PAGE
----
During the ceremony, a video of Gehrig's full speech was recited by Yankees players, Sarah Langs, and women living with ALS played on the scoreboard.

The Yankees donated $10,000 to Project ALS.

Sarah's parents, Charles Langs and Liise-anne Pirofski threw ceremonial first pitches to Boone and Cole.

Sarah Langs by Lou Gehrig's monument with (from left) her Dad, Charles Langs, Mom Liise-anne Pirofski and boyfriend Matt Williams. Provided by New York Yankees.


Native New Yorker Sarah Langs grew up on the Upper East Side of Manhattan and attended the University of Chicago, graduating in 2015 and working all four years for her college newspaper. After internships with SNY and CSN Chicago, she quickly rose through ESPN's research department and landed a job at MLB Advance Media as a reporter/producer in 2019 at the age of 26, with a focus in finding the statistical nuggets used throughout baseball broadcasts.

She was on top of the world, becoming one of Major League Baseball's most respected and universally liked statistical analysts in a male-dominated discipline. Yet for the last three years, she has been in a battle with ALS (most commonly diagnosed in individuals between 40 and 70), which has altered every aspect of her day-to-day life.

Despite the challenges of her condition, Sarah continues to make her mark on the game, most recently authoring the official game notes to national media for the recent World Baseball Classic. Her passion, persistence and positive disposition exemplify the kind of fight we will hope resides within us.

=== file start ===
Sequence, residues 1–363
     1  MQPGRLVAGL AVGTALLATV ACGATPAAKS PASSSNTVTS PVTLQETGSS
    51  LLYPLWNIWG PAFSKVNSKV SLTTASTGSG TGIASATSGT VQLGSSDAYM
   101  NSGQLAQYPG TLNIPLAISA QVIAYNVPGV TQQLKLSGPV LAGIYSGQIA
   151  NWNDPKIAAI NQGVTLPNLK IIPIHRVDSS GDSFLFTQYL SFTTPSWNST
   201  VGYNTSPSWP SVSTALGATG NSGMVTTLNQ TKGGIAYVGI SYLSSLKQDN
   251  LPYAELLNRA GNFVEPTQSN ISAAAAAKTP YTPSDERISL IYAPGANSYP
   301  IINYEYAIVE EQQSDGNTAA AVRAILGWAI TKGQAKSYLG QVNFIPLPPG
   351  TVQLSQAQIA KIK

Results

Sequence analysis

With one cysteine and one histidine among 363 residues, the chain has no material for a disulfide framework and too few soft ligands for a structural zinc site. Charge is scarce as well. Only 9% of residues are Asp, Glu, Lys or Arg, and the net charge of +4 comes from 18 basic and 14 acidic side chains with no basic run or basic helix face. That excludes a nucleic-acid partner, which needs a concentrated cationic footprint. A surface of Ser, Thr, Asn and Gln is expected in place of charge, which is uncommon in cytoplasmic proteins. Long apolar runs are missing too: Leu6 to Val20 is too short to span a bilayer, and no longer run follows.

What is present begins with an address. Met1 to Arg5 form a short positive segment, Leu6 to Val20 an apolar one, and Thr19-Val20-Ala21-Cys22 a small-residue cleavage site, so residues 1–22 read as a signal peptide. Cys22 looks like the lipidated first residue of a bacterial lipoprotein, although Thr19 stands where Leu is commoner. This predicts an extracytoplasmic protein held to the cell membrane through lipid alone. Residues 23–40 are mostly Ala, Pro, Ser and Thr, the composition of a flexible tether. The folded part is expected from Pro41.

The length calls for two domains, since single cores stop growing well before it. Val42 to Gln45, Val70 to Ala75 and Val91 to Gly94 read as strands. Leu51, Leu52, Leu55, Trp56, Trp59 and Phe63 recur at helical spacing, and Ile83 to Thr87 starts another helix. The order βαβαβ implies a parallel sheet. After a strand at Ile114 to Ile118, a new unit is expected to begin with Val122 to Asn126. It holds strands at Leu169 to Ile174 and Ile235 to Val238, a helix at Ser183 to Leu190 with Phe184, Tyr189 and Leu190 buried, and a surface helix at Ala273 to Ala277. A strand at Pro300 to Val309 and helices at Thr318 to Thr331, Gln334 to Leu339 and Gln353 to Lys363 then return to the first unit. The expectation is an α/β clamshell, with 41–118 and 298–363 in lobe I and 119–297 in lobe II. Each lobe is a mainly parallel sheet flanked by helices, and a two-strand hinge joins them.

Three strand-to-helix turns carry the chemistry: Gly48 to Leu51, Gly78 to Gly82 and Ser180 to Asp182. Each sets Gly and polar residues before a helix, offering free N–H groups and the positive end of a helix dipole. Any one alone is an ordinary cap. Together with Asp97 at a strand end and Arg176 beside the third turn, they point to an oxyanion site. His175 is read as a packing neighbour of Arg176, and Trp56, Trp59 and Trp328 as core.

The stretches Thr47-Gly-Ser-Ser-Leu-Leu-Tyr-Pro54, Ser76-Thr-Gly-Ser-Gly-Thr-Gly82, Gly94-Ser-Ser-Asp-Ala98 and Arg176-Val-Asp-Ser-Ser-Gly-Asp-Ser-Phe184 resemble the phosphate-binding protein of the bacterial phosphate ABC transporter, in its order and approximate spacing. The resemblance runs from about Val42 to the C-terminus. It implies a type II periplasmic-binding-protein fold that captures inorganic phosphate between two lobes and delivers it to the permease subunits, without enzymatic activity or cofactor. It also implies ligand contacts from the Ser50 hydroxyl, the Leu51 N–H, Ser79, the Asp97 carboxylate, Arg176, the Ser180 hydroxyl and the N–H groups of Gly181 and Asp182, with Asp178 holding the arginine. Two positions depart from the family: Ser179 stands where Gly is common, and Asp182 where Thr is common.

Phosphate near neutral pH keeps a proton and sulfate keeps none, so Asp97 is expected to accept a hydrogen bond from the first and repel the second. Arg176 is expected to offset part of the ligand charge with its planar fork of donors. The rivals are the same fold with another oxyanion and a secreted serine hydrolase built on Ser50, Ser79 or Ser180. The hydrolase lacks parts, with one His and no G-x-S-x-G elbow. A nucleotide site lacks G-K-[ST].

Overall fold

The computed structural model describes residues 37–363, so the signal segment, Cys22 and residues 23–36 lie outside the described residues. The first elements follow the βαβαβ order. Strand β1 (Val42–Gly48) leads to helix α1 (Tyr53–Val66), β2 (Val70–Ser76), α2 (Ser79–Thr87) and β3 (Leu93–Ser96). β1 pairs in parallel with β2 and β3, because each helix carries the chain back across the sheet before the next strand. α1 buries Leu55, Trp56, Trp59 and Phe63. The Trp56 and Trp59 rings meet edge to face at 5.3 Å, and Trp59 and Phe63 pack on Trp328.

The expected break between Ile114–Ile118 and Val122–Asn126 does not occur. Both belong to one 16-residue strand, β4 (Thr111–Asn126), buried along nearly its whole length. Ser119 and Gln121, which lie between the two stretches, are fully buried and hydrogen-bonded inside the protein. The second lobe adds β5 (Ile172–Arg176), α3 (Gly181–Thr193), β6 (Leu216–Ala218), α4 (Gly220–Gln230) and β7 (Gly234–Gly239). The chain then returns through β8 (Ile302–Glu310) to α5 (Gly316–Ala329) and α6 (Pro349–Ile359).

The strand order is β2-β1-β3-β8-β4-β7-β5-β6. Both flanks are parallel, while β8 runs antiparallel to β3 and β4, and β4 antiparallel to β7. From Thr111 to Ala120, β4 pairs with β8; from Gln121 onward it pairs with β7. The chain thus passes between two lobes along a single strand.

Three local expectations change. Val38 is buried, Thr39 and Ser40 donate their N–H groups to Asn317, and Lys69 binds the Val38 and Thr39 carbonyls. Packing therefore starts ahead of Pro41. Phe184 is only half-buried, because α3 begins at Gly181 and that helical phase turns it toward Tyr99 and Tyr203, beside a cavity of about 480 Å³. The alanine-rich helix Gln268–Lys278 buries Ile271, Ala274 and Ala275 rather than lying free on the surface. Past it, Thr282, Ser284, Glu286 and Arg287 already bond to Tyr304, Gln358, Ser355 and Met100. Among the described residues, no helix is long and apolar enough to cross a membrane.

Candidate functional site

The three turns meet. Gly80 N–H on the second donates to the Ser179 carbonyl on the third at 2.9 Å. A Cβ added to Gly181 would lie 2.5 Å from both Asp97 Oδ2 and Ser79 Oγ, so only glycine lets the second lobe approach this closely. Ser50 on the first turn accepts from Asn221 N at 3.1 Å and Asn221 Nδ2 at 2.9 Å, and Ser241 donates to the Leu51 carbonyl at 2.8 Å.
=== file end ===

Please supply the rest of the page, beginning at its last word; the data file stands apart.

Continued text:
"One thing that no disease can take from me is baseball," Sarah said after publicly announcing her diagnosis on Twitter in October 2022. "I'm still me, no stopping, and so honored and grateful to get to do what I love."

Her accomplishments in the face of adversity have gained attention throughout the baseball world, including being honored at the 98th annual BBWAA Awards Dinner with the Casey Stengel "You Could Look It Up" Award.

"There are a lot of people who are not faced with something like this who are just as loved and appreciated," Langs said during her acceptance speech. "I want to make sure that those people know it, and I am trying to make them my mission - in addition to making sure that everybody loves baseball."

Sarah has worked with the top entities in her field, gaining the trust and admiration of broadcasters such as Buster Olney, JOn Sciambi, and Karl Ravech, to name a few. She also became a part of MLB TV history by being a member of the first all-female broadcast crew back in 2021.

"I'm so grateful to be part of this baseball community," said Langs. "And I think it shows just how wonderful baseball is - not just the sport but the people involved - that people rally into a moment like this."

Her immense reservoir of spirit now has another direction - in raising awareness around ALS.

"Even if I'm gone, even if it's 50 years from now, I want to figure out a cure," Langs said.

Her well-known mantra, "Baseball is the Best!" is featured on T-shirts whose proceeds benefit Project ALS.

Channeling Yankees legend Lou Gehrig, Sarah echoed the gratitude she has for realizing so many of her dreams in such a short amount of time.

"I may have been given a bad break, but I've got an awful lot to live for," Langs said.